Be assured, I would support any drug manufacturer who managed to synthesize the pain-killing aspects of marijuana without the "high." But until that time, let us use the good while trying to eliminate the bad.


Independence, Ky.

Columnist mistreats Pakistan

It is not the Embassy of Pakistans business to question how the United States should conduct its relations with India. Our interests are only in Amos Perlmutters treatment of Pakistan in the May 1 Commentary column "China and India in the long run," among other articles.

The fact is that Hindu fundamentalists, and not Pakistanis, are responsible for the communal tensions between Muslims and Hindus, as evidenced by the destruction of Babri Mosque and the persecution of Muslims and Christians. In Indian-occupied Kashmir, the exploitation and repression of the Kashmiri people for the past 50 years is a well-documented reality that is validated by neutral and objective observers such as Amnesty International, Human Rights Watch and others. As a result of the brutality of the Indian occupation forces, at least 50,000 Kashmiris have been killed in the past decade alone.

As far as Pakistan´s internal affairs are concerned, Mr. Perlmutter is either unaware of the facts or has chosen to ignore them. In every election, the Pakistani people have not voted for Islamic parties, which is a matter of record that he simply has overlooked. For his information, India, and not Pakistan, is being ruled by religious fanatics.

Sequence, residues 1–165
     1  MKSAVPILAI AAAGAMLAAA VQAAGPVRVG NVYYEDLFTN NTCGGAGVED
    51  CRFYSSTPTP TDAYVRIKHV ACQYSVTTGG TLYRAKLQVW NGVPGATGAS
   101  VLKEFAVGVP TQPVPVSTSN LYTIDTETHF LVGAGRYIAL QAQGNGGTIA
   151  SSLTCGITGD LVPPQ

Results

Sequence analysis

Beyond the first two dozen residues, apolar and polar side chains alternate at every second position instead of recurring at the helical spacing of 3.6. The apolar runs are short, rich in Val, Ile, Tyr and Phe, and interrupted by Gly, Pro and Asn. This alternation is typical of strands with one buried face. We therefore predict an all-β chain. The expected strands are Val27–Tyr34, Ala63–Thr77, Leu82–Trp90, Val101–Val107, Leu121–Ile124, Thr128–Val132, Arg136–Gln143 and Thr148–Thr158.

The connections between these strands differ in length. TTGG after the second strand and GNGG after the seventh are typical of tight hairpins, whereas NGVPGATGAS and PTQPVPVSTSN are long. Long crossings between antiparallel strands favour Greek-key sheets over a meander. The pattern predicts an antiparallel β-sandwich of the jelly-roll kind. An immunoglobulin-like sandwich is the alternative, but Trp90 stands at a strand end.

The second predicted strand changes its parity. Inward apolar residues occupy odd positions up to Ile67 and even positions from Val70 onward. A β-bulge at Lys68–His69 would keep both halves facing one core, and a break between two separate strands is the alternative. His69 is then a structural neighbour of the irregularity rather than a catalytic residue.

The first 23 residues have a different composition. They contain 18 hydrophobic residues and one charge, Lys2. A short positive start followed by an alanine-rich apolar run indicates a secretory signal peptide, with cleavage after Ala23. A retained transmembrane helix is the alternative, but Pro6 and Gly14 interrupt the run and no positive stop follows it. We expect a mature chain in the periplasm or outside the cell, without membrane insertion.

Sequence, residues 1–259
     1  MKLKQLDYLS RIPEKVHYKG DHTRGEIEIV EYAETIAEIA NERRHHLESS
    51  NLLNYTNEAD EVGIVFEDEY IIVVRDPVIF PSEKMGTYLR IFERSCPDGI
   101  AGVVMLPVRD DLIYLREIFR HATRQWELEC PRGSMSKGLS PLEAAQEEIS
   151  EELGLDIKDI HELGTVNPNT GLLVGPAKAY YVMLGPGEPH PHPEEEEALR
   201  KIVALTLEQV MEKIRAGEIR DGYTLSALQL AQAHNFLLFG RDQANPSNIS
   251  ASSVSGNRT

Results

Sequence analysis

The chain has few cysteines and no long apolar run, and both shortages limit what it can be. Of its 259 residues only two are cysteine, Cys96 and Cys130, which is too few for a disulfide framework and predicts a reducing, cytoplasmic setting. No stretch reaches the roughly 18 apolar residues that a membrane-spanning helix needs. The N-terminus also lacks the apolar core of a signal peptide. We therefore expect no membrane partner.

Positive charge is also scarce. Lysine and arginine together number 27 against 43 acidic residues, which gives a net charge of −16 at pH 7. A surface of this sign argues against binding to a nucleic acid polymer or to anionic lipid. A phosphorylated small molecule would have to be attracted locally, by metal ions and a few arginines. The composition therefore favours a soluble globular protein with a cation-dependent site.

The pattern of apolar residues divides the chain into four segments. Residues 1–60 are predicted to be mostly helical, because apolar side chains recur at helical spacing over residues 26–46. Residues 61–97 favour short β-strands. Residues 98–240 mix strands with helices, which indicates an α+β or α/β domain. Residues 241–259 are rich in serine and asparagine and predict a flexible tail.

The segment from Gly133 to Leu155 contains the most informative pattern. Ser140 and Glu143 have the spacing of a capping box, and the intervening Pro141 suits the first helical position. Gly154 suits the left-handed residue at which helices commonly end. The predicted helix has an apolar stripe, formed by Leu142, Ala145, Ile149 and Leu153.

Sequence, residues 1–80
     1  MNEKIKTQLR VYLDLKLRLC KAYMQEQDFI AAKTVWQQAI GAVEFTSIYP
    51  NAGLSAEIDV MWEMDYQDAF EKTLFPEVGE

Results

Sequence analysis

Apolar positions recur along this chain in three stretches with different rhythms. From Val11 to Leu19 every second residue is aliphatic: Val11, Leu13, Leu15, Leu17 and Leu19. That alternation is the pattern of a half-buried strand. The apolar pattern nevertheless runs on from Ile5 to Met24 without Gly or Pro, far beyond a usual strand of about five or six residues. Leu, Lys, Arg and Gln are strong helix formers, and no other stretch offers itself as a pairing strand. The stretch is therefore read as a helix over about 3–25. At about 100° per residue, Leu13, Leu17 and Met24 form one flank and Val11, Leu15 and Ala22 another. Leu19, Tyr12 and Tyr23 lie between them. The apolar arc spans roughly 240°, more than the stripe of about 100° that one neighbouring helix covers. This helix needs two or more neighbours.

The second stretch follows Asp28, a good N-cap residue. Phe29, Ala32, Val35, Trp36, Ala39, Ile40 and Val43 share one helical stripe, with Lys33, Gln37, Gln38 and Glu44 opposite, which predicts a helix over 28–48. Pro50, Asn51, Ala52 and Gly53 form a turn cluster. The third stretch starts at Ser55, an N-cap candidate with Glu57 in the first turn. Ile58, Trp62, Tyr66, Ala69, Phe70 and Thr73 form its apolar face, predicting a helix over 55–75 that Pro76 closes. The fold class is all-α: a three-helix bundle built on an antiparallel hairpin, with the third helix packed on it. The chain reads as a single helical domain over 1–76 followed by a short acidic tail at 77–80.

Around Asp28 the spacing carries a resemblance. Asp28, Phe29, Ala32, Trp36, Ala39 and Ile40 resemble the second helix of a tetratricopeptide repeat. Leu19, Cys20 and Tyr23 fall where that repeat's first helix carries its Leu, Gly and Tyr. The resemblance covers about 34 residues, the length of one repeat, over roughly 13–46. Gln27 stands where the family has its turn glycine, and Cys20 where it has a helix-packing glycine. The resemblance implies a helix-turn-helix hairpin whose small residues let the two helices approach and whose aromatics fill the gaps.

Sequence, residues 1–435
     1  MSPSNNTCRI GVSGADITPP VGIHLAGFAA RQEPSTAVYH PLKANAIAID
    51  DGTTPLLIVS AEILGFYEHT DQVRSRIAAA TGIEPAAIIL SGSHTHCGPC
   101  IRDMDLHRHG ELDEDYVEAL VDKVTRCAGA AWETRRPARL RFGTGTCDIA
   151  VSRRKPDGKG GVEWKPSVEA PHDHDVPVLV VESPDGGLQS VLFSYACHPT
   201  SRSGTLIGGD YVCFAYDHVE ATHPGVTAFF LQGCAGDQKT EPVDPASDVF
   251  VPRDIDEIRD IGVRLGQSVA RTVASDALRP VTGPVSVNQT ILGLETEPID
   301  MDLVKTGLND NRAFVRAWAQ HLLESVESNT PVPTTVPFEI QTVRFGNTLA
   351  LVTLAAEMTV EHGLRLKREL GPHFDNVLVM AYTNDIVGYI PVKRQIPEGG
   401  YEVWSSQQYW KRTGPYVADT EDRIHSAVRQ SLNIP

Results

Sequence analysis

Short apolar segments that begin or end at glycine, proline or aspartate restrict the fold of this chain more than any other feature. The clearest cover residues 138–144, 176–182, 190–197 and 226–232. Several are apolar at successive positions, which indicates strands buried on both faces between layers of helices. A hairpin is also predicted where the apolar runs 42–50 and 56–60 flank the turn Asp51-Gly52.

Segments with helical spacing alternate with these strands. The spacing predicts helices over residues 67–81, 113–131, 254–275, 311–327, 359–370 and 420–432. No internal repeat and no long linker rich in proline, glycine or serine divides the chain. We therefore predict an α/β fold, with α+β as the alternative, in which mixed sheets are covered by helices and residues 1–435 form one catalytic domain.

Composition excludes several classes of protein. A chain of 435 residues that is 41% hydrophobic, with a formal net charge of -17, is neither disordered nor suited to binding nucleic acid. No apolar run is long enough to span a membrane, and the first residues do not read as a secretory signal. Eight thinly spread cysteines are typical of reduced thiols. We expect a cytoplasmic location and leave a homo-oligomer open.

As a professor of international relations, Mr. Perlmutter also should know better than to downplay the role and importance of Pakistan as a pivotal state in the region with its geostrategic location at the crossroads of South and Central Asia and the Near East.


Press attache

Embassy of Pakistan


Rail customers are captive to railroad monopoly

Susan Molinari completely mischaracterizes the position of rail customers in her April 17 Commentary column, "Trying to roll back the railroad clocks." Rail customers are not asking for re-regulation.

The intent of the Staggers Rail Act of 1980 was not simply to "deregulate" the nation´s railroads, but rather to encourage competition, protect captive shippers from unreasonable rates and return the railroads to financial health. For more than two decades, regulators have concentrated on the health of the railroads but have ignored the pro-competitive provisions of the Staggers Act. Rail customers want the existing pro-competitive provisions implemented in a way that removes existing regulatory barriers.

Railroads remain among the few existing monopolies and are exempt from most antitrust and restraint-of-trade laws administered by the Department of Justice and the Federal Trade Commission. Nearly two-thirds of the manufacturing facilities of American Chemistry Council members are captive to one railroad and, consequently, pay rates that are 15 percent to 60 percent higher than those with rail competition. In addition, they often receive substandard service.

Free-market forces work best for everyone and will lead to greater efficiencies, innovation, reasonable prices and better service. But they can work only when there is competition. Improvements are needed in competitive access and service reliability so that all American businesses can compete successfully in a global economy. Consumers will benefit when the needs of rail customers and railroads are balanced.


President and chief executive officer

American Chemistry Council